My wife and I recently went to see the new movie, Hacksaw Ridge.  This is a man’s movie. It’s about conviction, courage, and bravery; qualities needed among Christian men in our day.  Mel Gibson’s new movie tells the story of Desmond Doss, a Seventh Day Adventist, who enlisted in the Army during World War II with the understanding he could serve as a medic, so he would not have to violate his firm belief in “thou shalt not kill.”  He faced stiff opposition for being a conscientious objector.  He was sent to Okinawa and during the battle at Hacksaw Ridge saved some 75 solders from certain death.  For his actions, he was award the Congressional Metal of Honor, becoming the only conscientious objector in U. S. history to win the nation’s highest award.

While depicting the horror of war, freedom of conscience is the central theme played out in the story of  young Doss. When He says, “I feel my values are under attack.” he is echoing the sentiments of millions of Christians in America today.  In a time when attacks upon conscience and religious liberty are increasing, we are challenged by the example of the young soldier to examine the strength and resolve of our deepest convictions, which impinge on our freedom of conscience in a post-Christian culture.  Commentator, Steven D. Greudamus, considers Doss, “a hero for our troubled times.”

Eric Metaxas, over at breakpoint, writes, “Times in which florists and bakers are being hauled before civil rights commissions, being fined, losing their businesses; times in which pharmacists in Washington State can lose their licenses for refusing to dispense abortion pills; times in which churches in Massachusetts can run afoul of ‘public accommodation’ laws requiring gender neutral bathrooms – we do indeed have a model in Desmond Doss.”  The movie is not anti-war but rather a “pro-bravery tale” of one man who was mocked and ridiculed for his values.  I know, I was moved to tears several times.  I left the Bear Pause Theater, committed to love the Lord with all my heart and with all my soul and will all my mind and to love my neighbor as myself. (Matt 22:37).  What would this mean?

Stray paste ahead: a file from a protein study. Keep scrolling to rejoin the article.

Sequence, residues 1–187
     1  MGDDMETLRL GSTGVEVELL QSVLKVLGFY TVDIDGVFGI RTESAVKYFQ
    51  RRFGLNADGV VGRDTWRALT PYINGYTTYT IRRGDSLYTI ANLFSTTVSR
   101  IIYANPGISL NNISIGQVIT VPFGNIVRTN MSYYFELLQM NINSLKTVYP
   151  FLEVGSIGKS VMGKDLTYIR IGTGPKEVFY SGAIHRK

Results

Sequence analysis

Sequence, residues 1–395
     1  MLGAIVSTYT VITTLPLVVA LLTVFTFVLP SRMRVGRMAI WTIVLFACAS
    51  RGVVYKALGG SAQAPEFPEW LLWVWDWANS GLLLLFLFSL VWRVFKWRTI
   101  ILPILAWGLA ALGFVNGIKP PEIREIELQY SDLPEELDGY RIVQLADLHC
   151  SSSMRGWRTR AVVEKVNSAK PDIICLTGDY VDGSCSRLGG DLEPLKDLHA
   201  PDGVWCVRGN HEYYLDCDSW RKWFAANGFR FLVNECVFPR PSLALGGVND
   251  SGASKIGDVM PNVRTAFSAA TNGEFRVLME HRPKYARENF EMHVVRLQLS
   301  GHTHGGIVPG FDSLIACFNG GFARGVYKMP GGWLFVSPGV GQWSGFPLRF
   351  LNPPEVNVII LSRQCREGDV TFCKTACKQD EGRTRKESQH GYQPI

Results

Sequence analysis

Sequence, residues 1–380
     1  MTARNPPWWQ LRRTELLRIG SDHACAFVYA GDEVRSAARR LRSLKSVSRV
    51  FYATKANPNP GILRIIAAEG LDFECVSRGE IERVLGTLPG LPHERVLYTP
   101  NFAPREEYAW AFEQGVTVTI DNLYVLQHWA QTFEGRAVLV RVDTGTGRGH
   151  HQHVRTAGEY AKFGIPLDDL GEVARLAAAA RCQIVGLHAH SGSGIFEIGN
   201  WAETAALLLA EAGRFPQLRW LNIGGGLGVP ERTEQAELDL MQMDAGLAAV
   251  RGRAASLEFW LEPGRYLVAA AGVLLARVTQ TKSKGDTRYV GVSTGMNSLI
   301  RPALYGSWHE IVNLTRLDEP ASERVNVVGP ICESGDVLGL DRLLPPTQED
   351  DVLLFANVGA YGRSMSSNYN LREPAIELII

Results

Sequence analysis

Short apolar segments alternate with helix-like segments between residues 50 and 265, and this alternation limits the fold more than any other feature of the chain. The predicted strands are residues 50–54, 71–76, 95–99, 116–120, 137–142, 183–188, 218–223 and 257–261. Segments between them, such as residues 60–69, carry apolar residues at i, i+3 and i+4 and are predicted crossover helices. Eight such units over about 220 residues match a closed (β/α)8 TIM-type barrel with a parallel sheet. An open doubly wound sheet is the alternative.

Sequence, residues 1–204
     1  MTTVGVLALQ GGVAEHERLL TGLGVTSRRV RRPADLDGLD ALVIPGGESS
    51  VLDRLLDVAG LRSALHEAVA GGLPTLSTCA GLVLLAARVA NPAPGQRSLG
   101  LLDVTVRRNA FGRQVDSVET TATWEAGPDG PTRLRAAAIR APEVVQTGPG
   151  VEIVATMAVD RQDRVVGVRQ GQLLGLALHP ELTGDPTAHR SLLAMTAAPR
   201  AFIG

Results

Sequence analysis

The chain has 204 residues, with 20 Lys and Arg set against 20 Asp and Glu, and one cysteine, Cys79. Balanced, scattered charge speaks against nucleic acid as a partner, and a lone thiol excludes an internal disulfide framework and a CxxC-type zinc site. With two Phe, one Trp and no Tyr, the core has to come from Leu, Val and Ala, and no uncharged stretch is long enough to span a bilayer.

First, I need to be settled on what are the nonnegotiable convictions of my Christian worldview.  A Trinitarian relationship with Father, Son and Holy Spirit as revealed in Scripture is the bedrock of my faith.  I know a loving Father in heaven, who has given his own Son.  I follow and worship Jesus as Lord.  I can depend on the Holy Spirit to guide me as I submit my lifestyle and belief to the authority of Scripture.  I consider this to be my rock, not the sinking sand of modern, secular thought (Matt 7:24-27).

Secondly, how deeply held are my convictions?  The story of Desmond Doss was very challenging to me.  Am I willing, as a matter of conscience, to pay a price for my deepest held values?  While wanting to be a humble, loving follower of Jesus, how integrated are these convictions in my inner life, so when I am accused of being a hateful bigot or angry sexist man, I can respond with love and understanding?

Thirdly, how well do I live by my  convictions in a hostile culture?  Hacksaw Ridge tells the story of how one man went from being despised and dismissed by his fellow soldiers as a coward to being honored and accept by them as a hero.  While respectful of the opinions of other, and with no anger or resentment for how he was treated, Desmond Doss won the right to be a witness to a group of hard core soldiers.  How winsome and yet uncompromising is my witness for Christ?